Same name, different game

Domaine Carneros Sparkling Brut

Domaine Carneros Sparkling Brut; photo:

Powered by article titled “Same name, different game” was written by David Williams, for The Observer on Sunday 22nd July 2018 04.59 UTC

Penfolds Max’s Shiraz, South Australia 2015 (£19.99, Waitrose) Wine brands are so used to playing up their origins that it takes a brave producer to venture too far away from their home. Domaine de la Romanée-Conti couldn’t be anything other than Burgundy, for example, and Château Mouton-Rothschild is synonymous with Bordeaux. I was, therefore, a little surprised, suspicious even, to hear, earlier this month, that the maker of Australia’s closest equivalent to those big French names, the great shiraz red wine Penfolds Grange, has announced it is expanding overseas by making wines in California and France. The shock of seeing Penfolds Napa Valley Cabernet or Champagne, which would be akin to seeing Shane Warne strolling out in England colours at Lord’s, won’t be felt until the early 2020s. In the meantime, you could do worse than start an exploration of the vast, but consistently good Australian Penfolds portfolio with the trademark combination of polish and power found in Max’s Shiraz.

Domaine Carneros Sparkling Brut, California, USA 2011 (from £19.95, Wine Store; Roberson Wine; Penistone Wine Cellars) Penfolds is by no means the first “foreign” fine wine producer to try its luck in the American west. Aubert de Villaine, whose day job it is to manage none other than Domaine de la Romanée-Conti, has been making an increasingly excellent range of Californian wines in partnership with local winemaking family the Hydes under the Hyde de Villaine label (available here from London merchants Corney & Barrow), while one of Napa’s most famous reds is Opus One, which began its life in the mid-1970s as a collaboration between local legend Robert Mondavi and Baron Philippe de Rothschild of Mouton-Rothschild. Further north, in Oregon, the Burgundian firm Drouhin has long been making silkily fine reds from the same grape, pinot noir, it uses back home, a grape also used, along with chardonnay, as the base for Champagne family Taittinger’s classily brisk and brioche-y Californian fizz.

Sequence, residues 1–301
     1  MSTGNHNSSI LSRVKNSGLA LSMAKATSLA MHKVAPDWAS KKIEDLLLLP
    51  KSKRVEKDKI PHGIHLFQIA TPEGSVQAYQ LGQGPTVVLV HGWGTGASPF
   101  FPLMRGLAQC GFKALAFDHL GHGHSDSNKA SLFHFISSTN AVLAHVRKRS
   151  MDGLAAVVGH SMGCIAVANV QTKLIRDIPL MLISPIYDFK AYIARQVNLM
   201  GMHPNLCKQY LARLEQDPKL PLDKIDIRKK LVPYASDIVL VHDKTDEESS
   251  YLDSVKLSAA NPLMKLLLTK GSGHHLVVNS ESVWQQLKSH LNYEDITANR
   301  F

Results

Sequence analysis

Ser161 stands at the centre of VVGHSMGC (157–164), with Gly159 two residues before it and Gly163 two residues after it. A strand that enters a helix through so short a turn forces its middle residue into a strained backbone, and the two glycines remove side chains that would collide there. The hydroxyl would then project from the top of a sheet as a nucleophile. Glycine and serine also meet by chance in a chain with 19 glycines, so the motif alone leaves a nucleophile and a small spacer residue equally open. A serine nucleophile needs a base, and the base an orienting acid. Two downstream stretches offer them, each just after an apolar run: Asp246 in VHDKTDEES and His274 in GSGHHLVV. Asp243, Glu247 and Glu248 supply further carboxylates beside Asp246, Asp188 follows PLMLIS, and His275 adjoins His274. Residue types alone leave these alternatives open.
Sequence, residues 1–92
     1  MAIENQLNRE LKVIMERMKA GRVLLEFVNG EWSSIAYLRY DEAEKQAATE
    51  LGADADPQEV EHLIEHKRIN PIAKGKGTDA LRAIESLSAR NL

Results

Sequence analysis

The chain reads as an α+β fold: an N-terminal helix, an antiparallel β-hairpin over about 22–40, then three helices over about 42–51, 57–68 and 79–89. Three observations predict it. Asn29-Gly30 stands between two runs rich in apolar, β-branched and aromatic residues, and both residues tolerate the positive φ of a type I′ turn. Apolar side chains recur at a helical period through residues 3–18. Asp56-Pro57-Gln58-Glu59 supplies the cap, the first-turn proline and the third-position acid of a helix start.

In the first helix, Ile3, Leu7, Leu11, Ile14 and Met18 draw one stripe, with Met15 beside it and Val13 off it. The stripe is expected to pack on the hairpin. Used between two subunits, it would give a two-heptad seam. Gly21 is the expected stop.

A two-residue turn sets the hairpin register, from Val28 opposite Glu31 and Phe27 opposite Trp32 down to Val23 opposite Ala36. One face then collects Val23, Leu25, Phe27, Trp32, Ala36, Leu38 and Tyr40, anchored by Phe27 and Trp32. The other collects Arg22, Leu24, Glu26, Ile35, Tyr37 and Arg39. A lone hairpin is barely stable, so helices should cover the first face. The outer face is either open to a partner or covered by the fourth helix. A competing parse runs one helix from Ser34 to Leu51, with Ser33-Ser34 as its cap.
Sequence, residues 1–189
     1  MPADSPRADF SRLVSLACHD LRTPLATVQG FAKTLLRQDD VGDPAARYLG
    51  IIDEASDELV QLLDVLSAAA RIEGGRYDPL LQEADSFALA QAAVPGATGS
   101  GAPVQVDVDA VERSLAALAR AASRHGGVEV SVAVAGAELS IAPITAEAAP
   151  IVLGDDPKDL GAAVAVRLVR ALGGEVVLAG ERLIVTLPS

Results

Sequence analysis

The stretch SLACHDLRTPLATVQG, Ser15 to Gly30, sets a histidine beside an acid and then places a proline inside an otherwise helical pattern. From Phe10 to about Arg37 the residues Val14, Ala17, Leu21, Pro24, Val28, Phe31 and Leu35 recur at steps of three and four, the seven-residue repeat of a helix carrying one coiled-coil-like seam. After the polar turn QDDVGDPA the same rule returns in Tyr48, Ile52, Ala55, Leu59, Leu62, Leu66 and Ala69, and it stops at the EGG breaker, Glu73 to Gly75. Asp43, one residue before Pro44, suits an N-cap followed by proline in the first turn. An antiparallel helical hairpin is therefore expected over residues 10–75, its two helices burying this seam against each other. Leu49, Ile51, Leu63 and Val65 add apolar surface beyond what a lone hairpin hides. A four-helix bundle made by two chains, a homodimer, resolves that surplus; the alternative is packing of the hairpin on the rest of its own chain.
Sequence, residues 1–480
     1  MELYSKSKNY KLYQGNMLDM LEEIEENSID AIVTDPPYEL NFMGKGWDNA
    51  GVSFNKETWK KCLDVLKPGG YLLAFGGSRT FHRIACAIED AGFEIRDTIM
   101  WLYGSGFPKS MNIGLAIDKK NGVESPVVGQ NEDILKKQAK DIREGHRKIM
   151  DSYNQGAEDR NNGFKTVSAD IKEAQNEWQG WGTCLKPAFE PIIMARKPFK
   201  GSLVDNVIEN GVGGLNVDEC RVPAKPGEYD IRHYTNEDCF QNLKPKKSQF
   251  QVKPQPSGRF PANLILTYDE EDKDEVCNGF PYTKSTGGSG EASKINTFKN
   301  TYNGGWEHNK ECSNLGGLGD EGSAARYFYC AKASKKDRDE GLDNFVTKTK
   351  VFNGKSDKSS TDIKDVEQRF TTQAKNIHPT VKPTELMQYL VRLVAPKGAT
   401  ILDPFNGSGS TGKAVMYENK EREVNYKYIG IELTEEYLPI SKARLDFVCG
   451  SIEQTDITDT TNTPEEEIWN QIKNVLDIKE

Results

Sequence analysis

Chapoutier Domaine Tournon Mathilda Shiraz, Victoria, Australia 2013 (from £13.99, Ministry of Drinks; Tanners Wines; Noble Green Wines) French producers have also eyed up Penfolds’ Australian patch, with notable results for the operation set up in Victoria’s Heathcote region by the dynamic – and biodynamic – Rhône Valley producer Michel Chapoutier. As with Drouhin in Oregon, part of the attraction for Chapoutier was the chance to work with a familiar grape variety (syrah, aka shiraz), albeit, in the case of Mathilda Shiraz, in a different, distinctively full and dark fruit juicy but still appetisingly pepper-spicy style to his Rhône line-up. French producers have had some joy, too, across the Tasman in New Zealand. Again, there’s a home-from-home grape variety for a producer such as Sancerre’s Henri Bourgeois, and Clos Henri Petit Clos Sauvignon, Marlborough 2016 (from £13.33, Eton Vintners; Joseph Barnes Wines; Buon Vino) is as verdantly expressive as the firm’s sauvignons from back home in the Loire.

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